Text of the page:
By allowing ads to appear on this site, you support the local businesses who, in turn, support great journalism.
Man indicted in summer boating accident that killed boy
Glover died after being hit by personal watercraft in July
Jeffrey Hubbard
Jeffrey Simon Hubbard

An Atlanta man was indicted Thursday in Hall County Court for homicide by vessel in the first degree, according to Hall County officials. The charges stem from a July 6 boating accident on Lake Lanier that killed 11-year-old Kile Glover.

Glover was son of entertainer Usher’s ex-wife Tameka Raymond, and Ryan Glover, an executive for Bounce TV.

Jeffrey Simon Hubbard, a friend on vacation with the Glover family, was also charged with serious injury by vessel for his alleged role in harming Jordan Shepp, who was tubing with Kile Glover.

He faces five charges total, including reckless operation of a vessel, unlawful operation of a personal watercraft and boat traffic violation.

Hubbard was arrested by officers from the Georgia Department of Natural Resources Friday morning and booked into the Hall County Jail, where he is being held without bond. His first appearance in Magistrate Court is this morning, District Attorney Lee Darragh said.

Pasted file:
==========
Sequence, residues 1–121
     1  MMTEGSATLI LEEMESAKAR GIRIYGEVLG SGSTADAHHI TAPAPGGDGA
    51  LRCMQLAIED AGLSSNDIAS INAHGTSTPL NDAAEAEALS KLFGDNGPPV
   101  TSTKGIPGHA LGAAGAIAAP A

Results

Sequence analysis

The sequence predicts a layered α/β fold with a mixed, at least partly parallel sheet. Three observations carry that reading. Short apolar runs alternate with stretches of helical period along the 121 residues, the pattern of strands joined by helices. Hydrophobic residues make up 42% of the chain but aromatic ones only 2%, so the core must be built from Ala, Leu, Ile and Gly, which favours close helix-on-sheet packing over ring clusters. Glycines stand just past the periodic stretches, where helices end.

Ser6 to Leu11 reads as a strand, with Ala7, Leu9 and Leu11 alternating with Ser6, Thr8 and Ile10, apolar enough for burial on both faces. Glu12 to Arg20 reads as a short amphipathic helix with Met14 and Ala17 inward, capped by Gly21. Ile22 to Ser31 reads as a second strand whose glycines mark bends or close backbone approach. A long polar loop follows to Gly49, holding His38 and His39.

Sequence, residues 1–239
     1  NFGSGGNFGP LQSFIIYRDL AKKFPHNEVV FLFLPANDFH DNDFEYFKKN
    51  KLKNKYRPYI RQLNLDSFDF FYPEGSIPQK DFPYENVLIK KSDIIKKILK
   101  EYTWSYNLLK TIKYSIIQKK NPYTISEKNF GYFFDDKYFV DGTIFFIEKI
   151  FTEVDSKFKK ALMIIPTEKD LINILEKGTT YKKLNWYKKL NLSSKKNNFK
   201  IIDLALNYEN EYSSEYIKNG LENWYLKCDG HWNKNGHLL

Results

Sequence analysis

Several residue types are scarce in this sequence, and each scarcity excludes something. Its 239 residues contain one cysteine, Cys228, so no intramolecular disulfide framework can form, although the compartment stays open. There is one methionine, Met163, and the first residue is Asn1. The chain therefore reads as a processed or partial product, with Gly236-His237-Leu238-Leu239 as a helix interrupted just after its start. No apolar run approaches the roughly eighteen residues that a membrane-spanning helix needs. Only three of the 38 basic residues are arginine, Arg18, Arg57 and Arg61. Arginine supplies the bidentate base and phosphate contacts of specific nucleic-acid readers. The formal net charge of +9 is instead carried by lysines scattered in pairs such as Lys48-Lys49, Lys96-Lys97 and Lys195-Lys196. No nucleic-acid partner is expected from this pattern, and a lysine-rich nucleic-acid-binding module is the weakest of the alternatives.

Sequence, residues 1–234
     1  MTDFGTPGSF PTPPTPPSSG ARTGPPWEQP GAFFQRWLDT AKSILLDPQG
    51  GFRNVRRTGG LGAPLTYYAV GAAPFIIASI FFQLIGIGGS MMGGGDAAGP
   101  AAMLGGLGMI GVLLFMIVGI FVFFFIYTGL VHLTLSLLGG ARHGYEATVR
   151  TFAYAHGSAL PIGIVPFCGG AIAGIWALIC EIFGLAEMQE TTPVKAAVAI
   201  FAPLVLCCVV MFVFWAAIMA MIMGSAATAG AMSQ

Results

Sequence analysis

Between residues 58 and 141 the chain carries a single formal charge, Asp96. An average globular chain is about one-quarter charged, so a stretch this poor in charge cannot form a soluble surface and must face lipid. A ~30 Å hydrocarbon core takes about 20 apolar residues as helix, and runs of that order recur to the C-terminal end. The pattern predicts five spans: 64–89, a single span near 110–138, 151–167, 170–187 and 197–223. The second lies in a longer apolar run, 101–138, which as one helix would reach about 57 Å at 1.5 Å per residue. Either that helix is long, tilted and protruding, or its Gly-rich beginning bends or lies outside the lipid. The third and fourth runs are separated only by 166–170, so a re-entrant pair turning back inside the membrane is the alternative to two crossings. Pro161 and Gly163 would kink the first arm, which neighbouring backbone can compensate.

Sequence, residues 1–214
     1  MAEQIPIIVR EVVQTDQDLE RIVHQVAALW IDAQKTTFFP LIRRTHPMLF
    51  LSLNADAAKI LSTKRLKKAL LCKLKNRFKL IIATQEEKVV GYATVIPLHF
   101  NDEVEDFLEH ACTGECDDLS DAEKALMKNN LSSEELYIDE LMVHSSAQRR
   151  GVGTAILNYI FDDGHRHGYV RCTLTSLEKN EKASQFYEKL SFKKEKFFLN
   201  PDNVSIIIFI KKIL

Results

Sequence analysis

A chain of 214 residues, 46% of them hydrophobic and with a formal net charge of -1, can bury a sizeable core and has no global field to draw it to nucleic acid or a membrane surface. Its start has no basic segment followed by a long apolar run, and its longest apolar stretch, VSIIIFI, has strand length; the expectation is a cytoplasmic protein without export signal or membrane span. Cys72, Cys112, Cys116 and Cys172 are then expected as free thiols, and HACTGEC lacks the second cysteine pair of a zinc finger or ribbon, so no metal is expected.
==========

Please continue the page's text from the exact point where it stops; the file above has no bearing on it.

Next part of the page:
Glover suffered severe brain injuries on July 6 when authorities believe Hubbard’s personal watercraft collided with Glover, who was on an inflatable raft. He was vacationing with his father at the time of the incident.

Glover was hospitalized, never regaining consciousness. He died July 21.

According to the indictment, Shepp’s left arm was “rendered useless” after her elbow was fractured in the accident and her scalp was “seriously disfigured,” requiring multiple sutures.

If convicted of homicide by vessel, Hubbard would face at least three years in prison, not exceeding 15.

If convicted on the injury by vessel charge, Hubbard would face one year, and no more than five years, in prison.

Law enforcement officials said Hubbard was in violation of the “100-foot law,” which mandates that drivers of boats and personal watercraft not operate at more than idle speed within 100 feet of a sitting object or a person in the water.

Glover’s death, and the deaths of Jake and Griffin Price, have spurred legislative scrutiny of boating regulations.

The Kile Glover Boat Education Law and Jake and Griffin Prince BUI Law, sponsored by Sen. Butch Miller, R-Gainesville, passed the Senate Friday and now head to the House for consideration. The bills together would lower the legal blood alcohol limit for vessel operators, add educational safety courses, adjust the life jacket age for children and clarify the requirements for children and teenagers to operate certain boats and personal watercraft.